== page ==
Schoolwork, online courses, and MOOCs are useless if we can't learn from them. They're an outright waste of time if we commit our time to learning from them only to forget what we've picked up! But what if we could take advantage of some of the most cutting edge research in neuroscience and education and apply them?
Consider these questions:
- What can I do to improve my study skills?
- How can I possibly learn [insanely difficult topic goes here]?
- How can I improve my focus?
- How can I better retain what I've learned?
Have you ever asked them?
Our friends at UC San Diego have. For decades, they've explored how the mind works. Lucky for us, they've also condensed their findings into a four week course aptly named Learning How to Learn: Powerful mental tools to help you master tough subjects.
Mind you, this course isn't just a pile of tips and tricks for memorization. It's a guided tour of your brain and all of the the mechanisms that powers learning. We're not just learning about how to supercharge the way we pull on new concepts and information, we're learning why certain methods of learning work.
There are probably thousands, maybe even tens of thousands of books written on this topic. What's different about this course compared to everything else that came before it is the science. There's factual evidence for everything you get from this course.
And then there's Professor Barbara Oakley, the instructor for this course. She's achieved is nothing short of extraordinary, earning a Bachelor's in Slavic Languages before heading to the army. And when she left the army...
Oakley decided to challenge herself and see if her brain, more used to the study of languages, could be 'retooled' to study mathematical subjects.
How? By scooping up a B.S. in Electrical Engineering, naturally. She even went on to get her Masters and Ph.D. in the fields of computational and systems engineering.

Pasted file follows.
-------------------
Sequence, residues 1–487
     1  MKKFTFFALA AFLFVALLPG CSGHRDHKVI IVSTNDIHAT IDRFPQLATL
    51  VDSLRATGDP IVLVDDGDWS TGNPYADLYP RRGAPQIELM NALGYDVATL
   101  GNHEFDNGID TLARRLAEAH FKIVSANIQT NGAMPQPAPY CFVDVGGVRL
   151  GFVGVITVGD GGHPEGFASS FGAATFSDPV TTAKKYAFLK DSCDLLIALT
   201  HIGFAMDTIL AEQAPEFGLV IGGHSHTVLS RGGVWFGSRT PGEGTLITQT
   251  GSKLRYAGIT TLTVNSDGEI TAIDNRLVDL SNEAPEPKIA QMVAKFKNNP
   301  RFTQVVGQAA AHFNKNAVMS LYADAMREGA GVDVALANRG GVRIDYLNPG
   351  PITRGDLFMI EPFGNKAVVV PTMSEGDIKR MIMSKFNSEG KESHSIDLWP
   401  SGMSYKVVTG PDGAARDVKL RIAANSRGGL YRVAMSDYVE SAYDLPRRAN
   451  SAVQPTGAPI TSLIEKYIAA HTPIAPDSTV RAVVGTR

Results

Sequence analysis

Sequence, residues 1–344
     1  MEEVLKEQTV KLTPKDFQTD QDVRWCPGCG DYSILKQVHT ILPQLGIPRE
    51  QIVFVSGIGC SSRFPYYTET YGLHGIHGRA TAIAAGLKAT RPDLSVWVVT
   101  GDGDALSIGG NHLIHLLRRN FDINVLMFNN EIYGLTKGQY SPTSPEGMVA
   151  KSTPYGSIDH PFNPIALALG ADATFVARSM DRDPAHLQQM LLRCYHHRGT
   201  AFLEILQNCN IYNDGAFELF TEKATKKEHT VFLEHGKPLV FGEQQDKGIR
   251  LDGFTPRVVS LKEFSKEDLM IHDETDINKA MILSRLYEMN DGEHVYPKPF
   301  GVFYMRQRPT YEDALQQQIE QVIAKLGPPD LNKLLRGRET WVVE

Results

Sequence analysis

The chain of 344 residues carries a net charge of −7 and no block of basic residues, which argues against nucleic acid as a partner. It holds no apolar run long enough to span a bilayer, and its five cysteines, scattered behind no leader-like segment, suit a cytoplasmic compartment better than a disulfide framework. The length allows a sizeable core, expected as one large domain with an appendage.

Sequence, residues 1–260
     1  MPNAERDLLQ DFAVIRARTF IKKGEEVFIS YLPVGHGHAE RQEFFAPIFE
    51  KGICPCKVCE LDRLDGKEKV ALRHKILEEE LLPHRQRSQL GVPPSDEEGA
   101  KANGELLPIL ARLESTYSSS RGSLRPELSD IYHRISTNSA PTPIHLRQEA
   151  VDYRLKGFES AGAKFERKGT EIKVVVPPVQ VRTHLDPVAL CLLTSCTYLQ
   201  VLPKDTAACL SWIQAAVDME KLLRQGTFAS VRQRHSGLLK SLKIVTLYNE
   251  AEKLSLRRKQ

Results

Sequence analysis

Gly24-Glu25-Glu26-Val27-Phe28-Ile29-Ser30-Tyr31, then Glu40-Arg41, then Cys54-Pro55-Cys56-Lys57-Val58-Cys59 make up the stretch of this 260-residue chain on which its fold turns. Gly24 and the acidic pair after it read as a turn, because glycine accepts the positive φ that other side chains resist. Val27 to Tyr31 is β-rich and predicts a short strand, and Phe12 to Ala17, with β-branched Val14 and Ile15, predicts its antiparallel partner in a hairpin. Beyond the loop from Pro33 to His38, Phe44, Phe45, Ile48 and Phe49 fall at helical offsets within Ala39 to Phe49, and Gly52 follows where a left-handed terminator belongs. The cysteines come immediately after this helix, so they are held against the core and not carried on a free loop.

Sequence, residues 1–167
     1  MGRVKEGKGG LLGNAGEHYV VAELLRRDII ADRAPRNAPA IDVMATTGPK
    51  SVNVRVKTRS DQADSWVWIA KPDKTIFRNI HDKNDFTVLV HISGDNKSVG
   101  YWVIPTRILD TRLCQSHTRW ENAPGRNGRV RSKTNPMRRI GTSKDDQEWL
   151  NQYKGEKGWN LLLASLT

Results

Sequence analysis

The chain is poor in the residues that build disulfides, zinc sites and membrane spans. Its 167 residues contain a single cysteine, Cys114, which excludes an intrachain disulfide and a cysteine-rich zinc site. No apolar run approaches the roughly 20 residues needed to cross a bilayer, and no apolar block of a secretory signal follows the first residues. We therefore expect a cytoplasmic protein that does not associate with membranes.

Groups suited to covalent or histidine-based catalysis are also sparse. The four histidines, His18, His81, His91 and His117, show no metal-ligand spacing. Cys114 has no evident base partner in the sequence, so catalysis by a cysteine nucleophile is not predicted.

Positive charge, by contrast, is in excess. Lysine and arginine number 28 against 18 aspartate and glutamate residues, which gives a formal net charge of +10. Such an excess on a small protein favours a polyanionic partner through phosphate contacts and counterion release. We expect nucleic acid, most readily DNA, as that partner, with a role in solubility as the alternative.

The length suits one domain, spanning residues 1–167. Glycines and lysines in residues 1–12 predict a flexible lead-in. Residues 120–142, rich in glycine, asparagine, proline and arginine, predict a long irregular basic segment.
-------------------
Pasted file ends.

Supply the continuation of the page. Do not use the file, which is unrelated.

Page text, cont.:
If you're looking for role models for learning, add her to the list. And if you want to know what she knows, take this course!
Making learning more pleasant
You might have heard this fact before about how our brain consumes a disproportionate amount of resources given its mass. You have to eat well to learn well. There's no way around it. But here's something you might not have known.
When we're faced with new and abstract information, we experience anxiety. Most of us might think of it as just discomfort mixed with a lack of willpower. In reality, this anxiety is just enough for our brains to turn us away from learning anything at all. That is, our brains would rather us turn on the television and zombie out to avoid the stress associated with anxiety.
This is why we procrastinate.
What's Prof. Oakley's solution against procrastination? It's actually really simple. Her research shows that this anxiety associated with learning, especially abstract learning, vanishes rapidly after you begin learning. Next time your impulse has you pulling up your Facebook feed, stop yourself. Instead, dive into the thing you're trying to learn.